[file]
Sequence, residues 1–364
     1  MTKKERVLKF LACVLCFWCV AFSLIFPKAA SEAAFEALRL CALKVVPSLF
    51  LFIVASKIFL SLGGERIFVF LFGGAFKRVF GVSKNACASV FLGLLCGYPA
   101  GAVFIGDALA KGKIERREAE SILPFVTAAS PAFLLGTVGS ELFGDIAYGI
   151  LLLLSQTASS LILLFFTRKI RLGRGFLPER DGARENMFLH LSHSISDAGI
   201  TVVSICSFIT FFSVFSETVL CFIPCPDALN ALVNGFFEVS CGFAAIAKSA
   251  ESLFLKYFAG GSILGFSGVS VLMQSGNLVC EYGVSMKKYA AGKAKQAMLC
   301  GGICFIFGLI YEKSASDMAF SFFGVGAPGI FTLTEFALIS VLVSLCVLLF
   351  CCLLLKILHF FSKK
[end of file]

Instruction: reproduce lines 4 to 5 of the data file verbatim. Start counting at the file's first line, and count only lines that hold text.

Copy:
   101  GAVFIGDALA KGKIERREAE SILPFVTAAS PAFLLGTVGS ELFGDIAYGI
   151  LLLLSQTASS LILLFFTRKI RLGRGFLPER DGARENMFLH LSHSISDAGI